Rocket Girl; Future Bright; and People, Parasites, and Plowshares, reviewed.

The Six-Point Inspection: Meet the First Female Rocket Scientist

The Six-Point Inspection: Meet the First Female Rocket Scientist

Future Tense
The Citizen's Guide to the Future
July 18 2013 8:45 AM

The Six-Point Inspection: Meet the First Female Rocket Scientist

Each month in “The Six-Point Inspection,” Future Tense and Zócalo Public Square take a quick look at new science and technology books that are changing the way we see our world.

The nutshell: Mary Sherman Morgan’s playwright son, George D. Morgan, knew that his mother had invented hydyne, the rocket propellant that put America’s first satellite in orbit, while working at North American Aviation during the Cold War. But much of her story was mostly shrouded in mystery until he decided to write first a play and then a biography about her life. 


Literary lovechild of: Ève Curie’s Madame Curie and David A. Clary’s Rocket Man: Robert H. Goddard and the Birth of the Space Age.

You’ll find it on your bookshelf if: As a child, you launched the family dog into the mesosphere and brought her safely back to Earth.

Cocktail party fodder: Mary Sherman Morgan tried to name hydyne “bagel” in order to complement the other rocket fuel ingredient—LOX, liquid oxygen.

For optimal benefit: Read before trying to write your mom’s biography. She could be hiding serious secrets (the older sister you never knew you had, that time she invented rocket fuel). Or not.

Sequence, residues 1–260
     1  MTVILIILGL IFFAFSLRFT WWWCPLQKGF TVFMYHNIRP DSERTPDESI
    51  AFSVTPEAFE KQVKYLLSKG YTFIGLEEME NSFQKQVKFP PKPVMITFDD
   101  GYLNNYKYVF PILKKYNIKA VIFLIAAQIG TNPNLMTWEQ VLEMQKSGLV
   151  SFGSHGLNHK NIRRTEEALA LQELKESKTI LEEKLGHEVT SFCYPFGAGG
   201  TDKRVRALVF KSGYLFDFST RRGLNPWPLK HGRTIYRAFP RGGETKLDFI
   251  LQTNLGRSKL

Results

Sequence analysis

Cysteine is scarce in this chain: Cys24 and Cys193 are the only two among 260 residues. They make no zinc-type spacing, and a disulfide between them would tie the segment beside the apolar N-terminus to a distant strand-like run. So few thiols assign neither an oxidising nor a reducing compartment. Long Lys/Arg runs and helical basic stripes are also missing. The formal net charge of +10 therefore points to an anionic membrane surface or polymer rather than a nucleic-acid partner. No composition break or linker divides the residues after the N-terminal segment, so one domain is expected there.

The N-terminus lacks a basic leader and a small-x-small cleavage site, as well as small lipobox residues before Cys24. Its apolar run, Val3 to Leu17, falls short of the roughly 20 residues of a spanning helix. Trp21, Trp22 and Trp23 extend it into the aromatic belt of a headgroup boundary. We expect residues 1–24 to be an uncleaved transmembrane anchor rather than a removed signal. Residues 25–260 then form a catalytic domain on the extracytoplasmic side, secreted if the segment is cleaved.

Snap judgment: Even if his dramaturgy-influenced narratives don’t always ring true, George D. Morgan is a clear-eyed, compassionate biographer of his mother and brings the science and military-industrial complex of the space-race era to life.

The nutshell: Despommier, a Columbia University parasitologist, chronicles the discovery—and destructive treachery—of parasites as well as the promise they offer modern medicine in curing a number of diseases.


You’ll find it on your bookshelf if: You were not squeamish about curing your dog of tapeworm. In fact, you were impressed by the parasite’s hardiness.

Cocktail party fodder: The actor Yul Brynner sued Trader Vic’s at the Plaza Hotel after contracting trichinosis there in 1973. He won a settlement of $125,000—and it’s possible the parasite slowed down the growth of the lung cancer that killed him 12 years later.

For optimal benefit: Enjoy with Thomas Hurt’s Alien chest-plosion scene.

Snap judgment: Parasites are pretty disgusting to read about, even if you acknowledge their scientific potential, but Despommier makes them easy to understand.


The nutshell: Martinez, who was an education scholar at UC-Irvine (Future Bright was published posthumously), argues that we need a smarter society in order to prosper in our information economy—and that human intelligence can be increased greatly through learning.

Literary lovechild of: Malcolm Gladwell’s Outliers: The Story of Success and Richard E. Nisbett’s Intelligence and How to Get It.

You’ll find it on your bookshelf if: Your Mensa gathering is the highlight of your year. And you studied your way in.

Cocktail party fodder: Studies show that giving vitamin supplements to school-age children increase their IQ by four to nine points.

For optimal benefit: Take an IQ test. Pop a vitamin pill. Take another IQ test. Any improvement?

Snap judgment: Martinez’s case is provocative, but it’s his history of the study of intelligence and how our understanding of it has changed that is the most fascinating part of this book.

Future Tense is a partnership of SlateNew America, and Arizona State University.